3. Debra, Wizzy,

    Thank you for sharing your thoughts.
    And I’m glad the information is helpful. I wish I had discovered some of those things when my daughter was smaller… I would then avoid having had to shave her scalp bold once, when her hair turned into one big dread lock :)

    I always thought brush wouldn’t be good… and I was very surprised to find out that actually it is much faster and easier… at least with this brush. Visit Teri’s blog to watch video of her combing hair method.

  4. Your daughter is absolutely adorable! I love her hair. I am sure you are helping a lot of moms out there with this post. I have curly hair that is not really as wild as your daughters but it is a serious pain to take care of, so I can only imagine what it must be like for you guys. I may have to try this product!

  5. Oh! Your daughter is so precious! Love curly hair, since my is so straight, I always envy the curly ones :-)

  6. i have dutifully read this post.. even thought i dont have curly hair and neither does anyone else in my family! :)
    donno when i will use these tips, but i do know for a fact, ur daughter is a real cutie! :)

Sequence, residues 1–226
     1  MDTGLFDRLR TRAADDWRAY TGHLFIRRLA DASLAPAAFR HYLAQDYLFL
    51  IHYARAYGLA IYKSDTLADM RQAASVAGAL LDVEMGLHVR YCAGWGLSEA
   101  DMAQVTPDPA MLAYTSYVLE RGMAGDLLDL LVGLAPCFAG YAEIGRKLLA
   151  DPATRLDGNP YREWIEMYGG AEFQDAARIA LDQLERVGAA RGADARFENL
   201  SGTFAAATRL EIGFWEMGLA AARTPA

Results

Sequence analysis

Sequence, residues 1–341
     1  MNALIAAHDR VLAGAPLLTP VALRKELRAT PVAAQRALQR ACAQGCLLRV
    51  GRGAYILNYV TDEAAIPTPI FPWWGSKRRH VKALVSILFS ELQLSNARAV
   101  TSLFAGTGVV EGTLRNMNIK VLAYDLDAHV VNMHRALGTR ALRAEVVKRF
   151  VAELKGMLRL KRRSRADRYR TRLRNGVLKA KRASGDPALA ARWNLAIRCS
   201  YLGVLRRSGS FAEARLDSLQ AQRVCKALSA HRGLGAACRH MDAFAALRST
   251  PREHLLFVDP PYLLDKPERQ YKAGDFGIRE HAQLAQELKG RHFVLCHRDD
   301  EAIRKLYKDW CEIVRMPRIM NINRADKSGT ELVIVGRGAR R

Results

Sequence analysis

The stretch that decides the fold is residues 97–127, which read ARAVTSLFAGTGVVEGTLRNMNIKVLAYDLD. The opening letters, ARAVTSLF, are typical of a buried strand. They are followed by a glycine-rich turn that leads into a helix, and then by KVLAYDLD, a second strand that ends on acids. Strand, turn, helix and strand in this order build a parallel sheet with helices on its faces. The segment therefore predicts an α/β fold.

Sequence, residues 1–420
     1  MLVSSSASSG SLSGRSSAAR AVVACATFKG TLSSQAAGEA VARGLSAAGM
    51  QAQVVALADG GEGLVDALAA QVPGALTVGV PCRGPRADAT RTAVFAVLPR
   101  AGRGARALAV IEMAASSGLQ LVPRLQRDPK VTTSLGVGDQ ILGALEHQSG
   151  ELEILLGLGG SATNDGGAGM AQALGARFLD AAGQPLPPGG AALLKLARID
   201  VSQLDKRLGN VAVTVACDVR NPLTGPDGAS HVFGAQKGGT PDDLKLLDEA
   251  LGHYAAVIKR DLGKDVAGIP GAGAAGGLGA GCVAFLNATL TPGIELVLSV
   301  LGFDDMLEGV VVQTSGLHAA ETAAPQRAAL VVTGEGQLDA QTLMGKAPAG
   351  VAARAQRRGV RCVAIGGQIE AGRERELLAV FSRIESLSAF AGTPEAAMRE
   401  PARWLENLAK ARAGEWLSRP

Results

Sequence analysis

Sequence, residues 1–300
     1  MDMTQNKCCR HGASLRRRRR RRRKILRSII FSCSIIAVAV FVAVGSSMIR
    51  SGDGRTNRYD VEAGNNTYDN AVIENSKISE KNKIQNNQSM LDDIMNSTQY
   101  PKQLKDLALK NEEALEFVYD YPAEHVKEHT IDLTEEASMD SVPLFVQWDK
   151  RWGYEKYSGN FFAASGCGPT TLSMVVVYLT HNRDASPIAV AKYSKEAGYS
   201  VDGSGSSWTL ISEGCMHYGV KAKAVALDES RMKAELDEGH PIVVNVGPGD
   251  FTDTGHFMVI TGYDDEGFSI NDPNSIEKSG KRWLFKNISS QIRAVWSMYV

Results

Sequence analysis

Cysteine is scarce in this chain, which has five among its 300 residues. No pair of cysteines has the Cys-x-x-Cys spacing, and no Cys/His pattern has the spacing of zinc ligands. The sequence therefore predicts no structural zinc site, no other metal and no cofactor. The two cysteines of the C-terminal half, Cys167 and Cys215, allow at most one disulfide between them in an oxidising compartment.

7. Here is a link to Kim Etheredge & Wendi Levy (Mixed Chicks) on Tavis Smiley’s Radio show: http://www.tavissmileyradio.com/guests10/030510/WendiLevy_KimEtheredge.html

  8. good article, i will add my feeds.

  9. I am multi-generationally mixed. We would not have it any other way at this point. We love who we love and that is the end of that.

    Curly hair is dominant and we are proud to sport our curls. One of the best things I have found to keep the frizzies away and retain the curls is zero frizz or any of the other similar items found on the shelves.

    For my daughters’ hair I would let conditioner in and use a wide comb “pick” to make sure it was detangled and then rinse in a straight manner.

    They are a bit older now and they can do it themselves, but the tangling was the worse for them.

    I am a fierce advocate against racism because as a “mixed” child I have suffered through it, however, the sheer number of us is in the millions and we should have more sites like these where we can come together and not feel so isolated.

    If you care to read my blog: http://oliviaemisar.blogspot.com support and leave comments, it would be greatly appreciated.

    I am a liberal and the blog is political with a tremendous slant towards fairness and human and civil rights.

    Thank you for your time, I am glad I found you.

    PEACE

  10. She’s super cute and has lovely curls. Can I add some of your tips and a picture with your daughter on my blog?